MT: Cancom has been selling mobile communications into the Canadian market since 1990. Can you relate some of the most important market changes and how they have impacted the products Cancom offers?HA...
MT: Cancom has been selling mobile communications into the Canadian market since 1990. Can you relate some of the most important market changes and how they have impacted the products Cancom offers?
HAM: Qualcomm, which is the manufacturer and designer of the technology we market, has introduced a number of add-on products to the core technology to keep up with market changes. For example, fuel has remained consistently in the top three of trucking company operating expenses and yet, to a large extent, trucking companies don’t have the tools to measure that significant and growing expense. Our SensorTRACKS product measures how the driver and truck are working together. It’s not new but we are finding that more and more carriers are turning to it to measure, monitor and manage their fuel costs.
Another example is the driver retention challenge. Driving demands people be away from their home and family for days or weeks at a time. We turned our communications keyboard into an Internet access module with the introduction of CabCARD, allowing drivers and their families to communicate effectively anywhere, anytime, through the ease of satellite-based technology, without affecting the cost of the operational process.
At the same time the trucking business has become more complicated. There is a need to automate and drive information to the driver, to the customer, to an operational centre. We introduced an onboard computer with more processing power than the current keyboard, which allows us to start putting applications onboard such as fuel tax, driver logs and automation of those processes, taking the paperwork out of the operational process of the trucking company and capturing it in real time.
Some of the more subtle additions have included products such as QMASS, which provides fleets with the ability to copy messages. For example, a trucking company that has an interline partner also using Qualcomm technology can dynamically share information with its partner. Taking that concept a step further, a trucking company can remotely copy messages right over the Internet to a password-protected site that its customers can access to check load status without the need to call.
MT: Cancom has traditionally focused on the largest TL fleets. But LTL and smaller regional fleets are also now looking at mobile communications. How are you tailoring solutions to their needs?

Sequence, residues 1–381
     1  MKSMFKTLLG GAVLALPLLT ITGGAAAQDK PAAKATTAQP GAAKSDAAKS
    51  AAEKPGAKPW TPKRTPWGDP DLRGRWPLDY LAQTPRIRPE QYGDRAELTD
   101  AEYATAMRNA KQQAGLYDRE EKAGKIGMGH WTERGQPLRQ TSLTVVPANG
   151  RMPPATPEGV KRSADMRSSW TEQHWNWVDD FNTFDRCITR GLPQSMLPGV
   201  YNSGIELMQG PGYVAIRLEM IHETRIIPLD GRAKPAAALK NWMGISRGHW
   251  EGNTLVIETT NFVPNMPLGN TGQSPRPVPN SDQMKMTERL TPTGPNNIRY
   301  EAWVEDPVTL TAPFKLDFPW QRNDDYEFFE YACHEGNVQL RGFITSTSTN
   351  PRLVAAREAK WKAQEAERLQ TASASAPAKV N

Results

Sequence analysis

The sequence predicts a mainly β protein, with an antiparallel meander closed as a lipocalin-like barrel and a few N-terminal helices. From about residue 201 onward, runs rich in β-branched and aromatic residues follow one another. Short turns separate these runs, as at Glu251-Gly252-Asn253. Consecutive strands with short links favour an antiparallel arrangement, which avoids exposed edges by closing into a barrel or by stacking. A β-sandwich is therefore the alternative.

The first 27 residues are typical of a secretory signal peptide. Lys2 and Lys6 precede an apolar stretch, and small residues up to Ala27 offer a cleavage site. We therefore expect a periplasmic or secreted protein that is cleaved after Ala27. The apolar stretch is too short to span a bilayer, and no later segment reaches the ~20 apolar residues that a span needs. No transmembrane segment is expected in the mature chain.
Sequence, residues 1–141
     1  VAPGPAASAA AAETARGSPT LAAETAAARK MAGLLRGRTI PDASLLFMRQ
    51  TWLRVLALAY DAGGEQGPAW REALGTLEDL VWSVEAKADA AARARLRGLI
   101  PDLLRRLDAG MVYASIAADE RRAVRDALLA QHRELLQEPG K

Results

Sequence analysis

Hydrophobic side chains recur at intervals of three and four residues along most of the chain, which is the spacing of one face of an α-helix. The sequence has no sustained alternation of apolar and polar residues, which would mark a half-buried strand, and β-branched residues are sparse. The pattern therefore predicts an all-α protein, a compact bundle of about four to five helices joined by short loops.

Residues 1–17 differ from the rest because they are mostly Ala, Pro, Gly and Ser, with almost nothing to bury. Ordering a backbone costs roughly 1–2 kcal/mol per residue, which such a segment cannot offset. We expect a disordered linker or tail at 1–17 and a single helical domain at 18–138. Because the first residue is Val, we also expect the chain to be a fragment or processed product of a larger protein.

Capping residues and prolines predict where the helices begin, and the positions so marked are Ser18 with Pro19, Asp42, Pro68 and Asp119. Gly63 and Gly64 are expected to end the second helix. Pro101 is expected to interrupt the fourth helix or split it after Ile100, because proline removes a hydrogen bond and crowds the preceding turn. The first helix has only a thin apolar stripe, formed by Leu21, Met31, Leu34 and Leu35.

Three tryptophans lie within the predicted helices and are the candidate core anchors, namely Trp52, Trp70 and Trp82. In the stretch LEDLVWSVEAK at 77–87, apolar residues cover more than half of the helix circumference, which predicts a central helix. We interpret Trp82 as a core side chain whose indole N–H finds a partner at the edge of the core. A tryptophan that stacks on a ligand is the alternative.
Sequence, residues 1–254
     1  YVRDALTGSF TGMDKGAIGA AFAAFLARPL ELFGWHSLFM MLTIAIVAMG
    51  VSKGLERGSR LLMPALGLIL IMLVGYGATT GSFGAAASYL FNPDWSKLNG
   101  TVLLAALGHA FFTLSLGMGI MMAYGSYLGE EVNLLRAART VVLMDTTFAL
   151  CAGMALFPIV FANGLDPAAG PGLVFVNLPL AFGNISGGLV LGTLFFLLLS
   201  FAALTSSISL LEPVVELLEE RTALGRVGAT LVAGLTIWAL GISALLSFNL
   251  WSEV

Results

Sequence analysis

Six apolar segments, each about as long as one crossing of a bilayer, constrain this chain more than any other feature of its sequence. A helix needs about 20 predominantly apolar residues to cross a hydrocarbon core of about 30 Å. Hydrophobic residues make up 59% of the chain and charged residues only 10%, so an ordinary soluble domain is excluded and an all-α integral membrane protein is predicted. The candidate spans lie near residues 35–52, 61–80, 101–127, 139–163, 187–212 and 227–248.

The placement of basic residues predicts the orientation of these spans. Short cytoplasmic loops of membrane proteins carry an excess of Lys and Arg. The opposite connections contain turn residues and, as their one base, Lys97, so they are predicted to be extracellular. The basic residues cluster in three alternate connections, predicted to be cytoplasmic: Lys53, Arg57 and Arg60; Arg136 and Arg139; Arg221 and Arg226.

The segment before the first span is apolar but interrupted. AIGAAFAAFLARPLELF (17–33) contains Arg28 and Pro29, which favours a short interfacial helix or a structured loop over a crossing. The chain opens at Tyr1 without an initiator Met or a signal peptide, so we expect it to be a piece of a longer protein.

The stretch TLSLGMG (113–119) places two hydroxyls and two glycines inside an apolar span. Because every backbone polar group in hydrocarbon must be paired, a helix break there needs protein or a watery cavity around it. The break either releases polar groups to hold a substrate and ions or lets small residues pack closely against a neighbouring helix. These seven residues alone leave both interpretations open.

HAM: For TL carriers what we like to call the “circle of service” that starts with the load assignment and includes the whole series of events (loading and unloading, driver hours, fuel purchases, prepositioning of trucks, etc.) that provide the operations people with the information they need to manage their fleet and deal with customers, happens once every few days. With LTL, it happens five or six times a day. So if capturing and measuring this information is important in TL, it has to be absolutely imperative in an LTL operation because it’s happening much more often. We’ve also recognized that whether you are a large trucking company or a small trucking company, one of the strengths of satellite technology is being able to communicate and facilitate change anywhere, anytime. What we’ve been able to do is take some features of our core product and build it over the Internet to bring the cost of the technology down for the smaller carriers.
MT: Some fleets have been using your products for over a decade. Are they using the technology to its full extent?
HAM: Five years ago, the average number of transmissions our customers were making per truck per day was 3.2. Today, it’s over seven; it has doubled. People are finding they need to share more information inside and outside the company. We are also probably seeing more integration now with our oldest and largest customers than ever before, which is a good indicator that as their operations grow our technology is facilitating that expansion.
MT: Along with the introduction of new mobile communications technologies in recent years have come new players. With the economic downturn should motor carriers expect consolidation among providers over the next few years?
HAM: Absolutely. We have been in the business for 11 years and in that time we have seen no fewer than 12 companies come into this business – all well financed – and then get out. All looked at the hundreds of thousands of trucks across North America and saw a huge market opportunity. It’s not as easy as they think. They could all communicate, they could all provide tracking, but could they do it with the high, almost perfect, reliability rating that is required? If you are driving your business through a wireless infrastructure, it better be perfect.
MT: In your view then, what should a fleet manager consider in selecting a mobile communications provider?
HAM: Coverage, capacity, cost. Never underestimate your coverage and capacity needs. Never compromise on your communications. Fleets have perfected the art of understanding what their customers need and spec’ing their trucks accordingly. The same amount of time and effort should be spent on spec’ing the communication equipment for those trucks.
MT: You recently announced a 30 percent reduction on the pricing of the OmniTRACS hardware.
HAM: There has never been a time in our history where security of transportation, of goods and personnel, has been of such utmost importance since September 11. Realizing this, along with the economic pressures in our marketplace, we have focused on reducing prices of hardware to make it more affordable for fleets to buy functionality and security for their customers and their staff. –
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